by prejudice based on race, color, national origin, gender, sexual orientation, gender identity, or disability of the victim, or is a violation of state, local or tribal hate crime laws.

I wonder how the bright light bulbs who came up with the H.R. 1592 Bill consider a case where a black man offends a black woman (saying “ho”), than she calls him a “good-for-nothing nigger.” Do we have two hate crimes here? Or do they think if some one commits a hate crime, then you can commit a hate crime back and it’s OK? You noticed, in my example, she didn’t simply call him “trash” (so blasé) or another non-victim-group-based insult, she went for the horrible, the denigrating and racially based term “nigger,” that is, a HATE crime word.

Then you have a situation where a homo rubs against someone in a purposeful harassment action, and the victim says, “You homo shit!” The homo will sue for hate crime, evidently.

You have a heterosexual guy call a woman a “bitch,” and she calls him back “a sexist pig,” then we have two hate crimes ( they are both insults based on gender!)

I find the topic of “hate crimes” so amazingly fascinating, nothing, NOTHING could be more Orwellian in an Animal Farm way (and that goes for many countries, the U.S. being one of many foremost examples).

This clarification and example from the Alliance Defense Fund’s Report on the H.R. 1592 Bill.

Despite the limitation of the new federal offenses to violent crimes against persons, H.R. 1592 could be construed not to limit federal prosecution to violent “hate” crimes. Although not the most likely construction, section 4 of the Act could arguably authorize the Attorney General to prosecute violations of non-violent state or local “hate” crime laws at the request of local officials.3That would be extremely problematic because some existing state and local “hate” crime laws make “simple assault” or “intimidation” prosecutable offenses.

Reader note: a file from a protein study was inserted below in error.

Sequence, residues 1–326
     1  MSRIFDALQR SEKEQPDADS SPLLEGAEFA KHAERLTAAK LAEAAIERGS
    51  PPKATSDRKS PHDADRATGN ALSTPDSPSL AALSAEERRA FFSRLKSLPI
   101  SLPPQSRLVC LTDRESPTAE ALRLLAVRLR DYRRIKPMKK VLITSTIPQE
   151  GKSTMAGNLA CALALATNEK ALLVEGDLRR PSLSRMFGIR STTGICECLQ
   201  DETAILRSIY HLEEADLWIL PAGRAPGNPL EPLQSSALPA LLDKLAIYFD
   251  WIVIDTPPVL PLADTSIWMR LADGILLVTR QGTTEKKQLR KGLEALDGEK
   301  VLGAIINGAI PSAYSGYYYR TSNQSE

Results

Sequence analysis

For example, New Jersey law makes it a “hate crime” to communicate in a manner likely to cause annoyance or alarm. N.J.S.A. §§ 2C:16-1(a), 2C:33-4.

Washington law makes it a crime to “Threaten[] a specific person or group of persons and place[] that person . . . in reasonable fear of harm to person or property. . . . For purposes of this section, a ‘reasonable person’ is a reasonable person who is a member of the victim’s [category].”
R.C.W.A. 9A.36.080(1)(c).

One would not expect a reasonable person to feel threatened or feel fear of harm as the result of an innocuous communication. Nevertheless, the entire faculty at Ohio State University’s Mansfield campus apparently agreed that university librarian Scott Savage was guilty of threatening behavior for a simple statement in 2006.

His “threat”? Recommending four books for freshman reading in his role as a member of OSU Mansfield’s First Year Reading Experience Committee. The four books were The Marketing of Evil by David Kupelian, The Professors by David Horowitz,
Eurabia: The Euro-Arab Axis by Bat Ye’or, and It Takes a Family by Senator Rick Santorum.

Three Mansfield professors filed complaints with OSU’s Office of Human Resources asserting that the suggested reading list made them feel “unsafe” on the campus. The Mansfield faculty voted without dissent to file charges of sex discrimination and harassment against Mr. Savage because they believed the recommendations constituted “anti-gay hate mongering.” The charges were not dismissed until the Alliance Defense Fund came to Mr. Savage’s defense.

If the faculty at OSU Mansfield are reasonable people, Mr. Savage’s mere suggestion that freshmen read conservative books would qualify as a “hate” crime under Washington law, and perhaps under New Jersey law. And if H.R. 1592 were to be construed to permit federal prosecution of non-violent state or local “hate” crimes, he could be prosecuted by the U.S. Attorney General for suggesting the reading list in Washington or New Jersey.

Criminalizing thought – pure and simple.


For example, New Jersey law makes it a “hate crime” to communicate in a manner likely to cause annoyance or alarm.

Annoyance? In what way, exactly? I don’t feel like looking up the law or existing cases, if there are any. But annoyance?

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